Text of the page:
The first step we ask every single Engagement Multiplier client to make is to create an Engaged Purpose. It’s so important that we can’t do our work without it. This is the statement that paves the way towards emotionally connecting with each employee, on a personal level. It gives meaning to every task they undertake, and since your employees are your most valuable asset, their happiness should be your highest priority.
In this series, we’ll explain step-by-step how to craft your Engaged Purpose and how to use it to bring your team into alignment, and as a compass for every decision you make for the future of your company.
Defining an Engaged Purpose
Today’s task includes writing your first draft. But first you will want to truly understand what an Engaged Purpose is.
What is an Engaged Purpose?
An Engaged Purpose is a written statement that clearly communicates to your team what your company does and why. It details the transformation you are trying to create and provides a structure that will inspire your team to align their daily activities with your company’s larger aspirations.
As Stefan Wissenbach says, “When you create big enough ‘why’ for people, they will become emotionally involved in finding a ‘how.’”
What an Engaged Purpose is not
It is not a mission statement or a vision statement. Those tend to be written for a business’s customers, rather than for the employees (and most customers don’t care).
Learn more about this from our previous post outlining why so many people get an engaged purpose wrong.
Thoughts to consider before writing your first draft
A common mistake Founders and CEOs make is to assume that they can single-handedly come up with their Engaged Purpose statement off the tops of their heads. After all, they understand their company better than anyone else! Well, you’re right – your purpose begins with you, as does Engagement. Both require a strong leader.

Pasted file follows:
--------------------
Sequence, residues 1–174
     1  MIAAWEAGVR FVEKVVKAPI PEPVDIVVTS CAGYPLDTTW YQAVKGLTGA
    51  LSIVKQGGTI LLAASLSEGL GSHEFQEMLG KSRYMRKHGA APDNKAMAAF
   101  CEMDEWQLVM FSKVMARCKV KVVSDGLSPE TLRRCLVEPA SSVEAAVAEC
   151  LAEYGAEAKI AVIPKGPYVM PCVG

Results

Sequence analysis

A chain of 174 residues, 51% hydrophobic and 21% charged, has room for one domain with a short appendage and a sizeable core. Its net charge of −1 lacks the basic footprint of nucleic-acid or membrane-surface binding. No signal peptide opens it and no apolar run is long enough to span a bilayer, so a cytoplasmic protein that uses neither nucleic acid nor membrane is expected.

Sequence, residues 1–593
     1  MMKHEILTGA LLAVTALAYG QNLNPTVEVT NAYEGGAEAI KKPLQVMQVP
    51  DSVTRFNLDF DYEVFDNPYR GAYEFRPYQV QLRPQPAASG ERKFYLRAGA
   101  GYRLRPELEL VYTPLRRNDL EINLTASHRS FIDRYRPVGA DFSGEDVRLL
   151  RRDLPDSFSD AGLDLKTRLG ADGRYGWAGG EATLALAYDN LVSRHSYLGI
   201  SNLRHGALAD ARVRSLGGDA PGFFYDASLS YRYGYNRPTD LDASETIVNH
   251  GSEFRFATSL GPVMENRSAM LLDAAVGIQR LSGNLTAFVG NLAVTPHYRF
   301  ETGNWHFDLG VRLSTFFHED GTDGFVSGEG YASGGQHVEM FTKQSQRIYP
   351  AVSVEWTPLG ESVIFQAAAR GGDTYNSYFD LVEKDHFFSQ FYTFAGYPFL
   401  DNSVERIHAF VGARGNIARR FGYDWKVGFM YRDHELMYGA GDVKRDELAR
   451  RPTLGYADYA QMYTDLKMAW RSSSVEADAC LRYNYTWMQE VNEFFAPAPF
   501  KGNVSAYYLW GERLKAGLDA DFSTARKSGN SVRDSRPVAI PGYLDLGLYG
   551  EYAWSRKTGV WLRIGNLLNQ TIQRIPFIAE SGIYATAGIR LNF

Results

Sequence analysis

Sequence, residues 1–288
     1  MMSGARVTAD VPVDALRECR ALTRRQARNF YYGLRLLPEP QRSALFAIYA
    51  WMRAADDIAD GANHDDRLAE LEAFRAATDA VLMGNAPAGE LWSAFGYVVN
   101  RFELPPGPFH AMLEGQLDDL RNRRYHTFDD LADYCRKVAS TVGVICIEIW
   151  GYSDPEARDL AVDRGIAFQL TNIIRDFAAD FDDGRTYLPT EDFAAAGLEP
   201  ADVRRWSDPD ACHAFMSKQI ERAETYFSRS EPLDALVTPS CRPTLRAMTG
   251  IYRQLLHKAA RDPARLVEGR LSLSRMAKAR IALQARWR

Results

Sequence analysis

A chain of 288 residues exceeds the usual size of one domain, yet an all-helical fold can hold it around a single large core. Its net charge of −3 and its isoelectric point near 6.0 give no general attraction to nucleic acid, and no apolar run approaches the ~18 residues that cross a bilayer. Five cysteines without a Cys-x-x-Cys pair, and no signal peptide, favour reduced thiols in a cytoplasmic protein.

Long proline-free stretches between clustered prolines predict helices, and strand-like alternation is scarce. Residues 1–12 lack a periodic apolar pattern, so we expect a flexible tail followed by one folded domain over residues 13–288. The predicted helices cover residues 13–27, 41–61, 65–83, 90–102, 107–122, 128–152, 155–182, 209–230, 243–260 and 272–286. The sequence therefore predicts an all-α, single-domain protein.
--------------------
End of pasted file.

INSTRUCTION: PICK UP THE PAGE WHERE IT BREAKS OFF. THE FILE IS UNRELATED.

But your Engaged Purpose isn’t something you should rattle off. To really work, it has to touch the heart and be at the core of everything you do and say.
To begin the brainstorming process, write down your answers to these 7 questions:
1. As the owner of the organization, what are you most passionate about? What aspects of your company and job energize you?
2. Why did you start your business in the first place?
3. Where do you see it going in the future?
4. Why do you think your employees come to work each day? What do you think motivates them – besides a paycheck?
5. What is unique about your organization? Is it how you do business? Your location or community? The customers you serve and interact with?
6. Who are the customers or individuals your organization helps? What is unique about them? What makes them an ideal fit for you?
7. What is the end result – the impact – of the work you do on your customers? What positive change or transformation do you help to create?
Writing your first draft Purpose statement
Using the answers from the above questions, you can now sit down to write that first draft. Don’t worry, you’ve already done the hard work; now we’re just putting the pieces together.
Your Engaged Purpose should include:
1. What you do
2. Why you do it
3. How you do it
4. Big Goal (what you’d like for the future of your company)
Your format can vary, and don’t worry if what you come up with seems too long – we’ll refine it later. But if you need a template, try this:
We [what you do], because [why you do it]. We do this by [How you do it]. Our ultimate goal is to [Big, ambitious goal].
When coming up with your Why, consider carefully your answer to question #7 above. The greatest rallying cry you can offer your team is the promise that what they do measurably improves someone’s life. It’s that kind of emotional pull that creates engagement and produces the best possible quality of work – and quality of life.
In the next article in this series, we’ll show you how to refine your statement with input from your Leadership Team.